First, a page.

(Begin poorly-thought-out post:)
Raj Chetty wrote an article for the New York Times that has been being passed around the economics blogosphere on why economics is a science:
What kind of science, people wondered, bestows its most distinguished honor on scholars with opposing ideas? “They should make these politically balanced awards in physics, chemistry and medicine, too,” the Duke sociologist Kieran Healy wrote sardonically on Twitter.
But the headline-grabbing differences between the findings of these Nobel laureates are less significant than the profound agreement in their scientific approach to economic questions, which is characterized by formulating and testing precise hypotheses. I’m troubled by the sense among skeptics that disagreements about the answers to certain questions suggest that economics is a confused discipline, a fake science whose findings cannot be a useful basis for making policy decisions.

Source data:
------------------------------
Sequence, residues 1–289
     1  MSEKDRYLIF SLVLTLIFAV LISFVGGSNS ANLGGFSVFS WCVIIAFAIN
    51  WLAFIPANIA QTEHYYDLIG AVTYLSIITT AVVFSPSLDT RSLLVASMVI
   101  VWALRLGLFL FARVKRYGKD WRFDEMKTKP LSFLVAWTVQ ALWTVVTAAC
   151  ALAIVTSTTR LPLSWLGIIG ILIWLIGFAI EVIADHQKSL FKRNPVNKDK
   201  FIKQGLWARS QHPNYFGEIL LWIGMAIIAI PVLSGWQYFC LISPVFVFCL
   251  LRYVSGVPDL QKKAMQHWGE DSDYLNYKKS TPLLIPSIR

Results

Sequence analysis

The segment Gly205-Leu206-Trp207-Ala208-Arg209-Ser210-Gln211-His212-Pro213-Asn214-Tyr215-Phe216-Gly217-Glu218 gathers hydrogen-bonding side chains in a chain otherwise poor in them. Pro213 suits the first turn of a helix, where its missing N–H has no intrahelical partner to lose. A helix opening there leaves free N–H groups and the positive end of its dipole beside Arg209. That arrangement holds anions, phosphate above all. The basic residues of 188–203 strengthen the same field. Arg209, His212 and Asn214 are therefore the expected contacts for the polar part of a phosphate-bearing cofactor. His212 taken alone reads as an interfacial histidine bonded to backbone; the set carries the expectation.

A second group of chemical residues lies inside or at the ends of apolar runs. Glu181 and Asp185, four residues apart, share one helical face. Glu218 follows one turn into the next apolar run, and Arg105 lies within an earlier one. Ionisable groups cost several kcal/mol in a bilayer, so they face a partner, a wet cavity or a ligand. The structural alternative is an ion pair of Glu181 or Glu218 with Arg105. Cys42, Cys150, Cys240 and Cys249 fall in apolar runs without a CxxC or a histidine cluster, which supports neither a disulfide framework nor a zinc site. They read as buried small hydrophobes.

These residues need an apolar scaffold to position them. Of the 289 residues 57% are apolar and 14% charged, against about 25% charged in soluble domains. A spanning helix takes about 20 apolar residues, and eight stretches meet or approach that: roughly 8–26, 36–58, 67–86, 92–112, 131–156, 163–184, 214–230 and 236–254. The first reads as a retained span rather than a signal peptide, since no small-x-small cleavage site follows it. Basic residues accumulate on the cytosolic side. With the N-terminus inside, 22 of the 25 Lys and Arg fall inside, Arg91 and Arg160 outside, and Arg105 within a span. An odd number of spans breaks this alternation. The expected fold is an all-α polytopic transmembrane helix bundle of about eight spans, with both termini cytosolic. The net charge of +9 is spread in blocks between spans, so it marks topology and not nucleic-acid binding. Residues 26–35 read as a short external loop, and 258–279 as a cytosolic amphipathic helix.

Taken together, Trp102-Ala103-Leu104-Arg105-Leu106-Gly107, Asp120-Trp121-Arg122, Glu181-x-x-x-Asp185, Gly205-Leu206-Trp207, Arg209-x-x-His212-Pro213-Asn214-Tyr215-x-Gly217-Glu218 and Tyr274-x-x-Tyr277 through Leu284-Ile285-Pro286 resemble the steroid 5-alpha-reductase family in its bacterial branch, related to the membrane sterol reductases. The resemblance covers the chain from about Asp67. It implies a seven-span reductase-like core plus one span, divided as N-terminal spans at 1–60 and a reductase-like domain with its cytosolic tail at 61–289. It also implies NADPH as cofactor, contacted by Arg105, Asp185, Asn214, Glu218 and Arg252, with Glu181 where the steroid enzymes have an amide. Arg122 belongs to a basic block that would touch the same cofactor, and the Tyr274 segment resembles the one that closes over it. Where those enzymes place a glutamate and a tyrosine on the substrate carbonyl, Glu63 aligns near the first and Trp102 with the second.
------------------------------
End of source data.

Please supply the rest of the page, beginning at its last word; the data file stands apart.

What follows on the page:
He goes on to argue, strangely, that economics is a science because it is now primarily empirical. I’m not particularly interested in the argument of who is a “real” science – when I did physics, I remember people liked to make fun of biology as not a real “hard” science, etc.
But I spend a lot of time talking to people across the scientific spectrum – physicists, biologists, psychologists, economists. And economists are consistently the outlier in what they think about and who they reference. They are simply not a part of the broader natural sciences community. Look at the interdisciplinary connectivity between fields in the picture above. There is a clear cluster in the center of social studies and a largely separate ring of the natural sciences. Here’s another way of viewing it:
No matter how you slice it, economics is just not part of the natural sciences community. It’s starting to edge there, with some hesitant links to neuroscience and genomics, but it’s not there yet. I find it all a bit baffling. Why has economics separated itself so much from the rest of the natural sciences?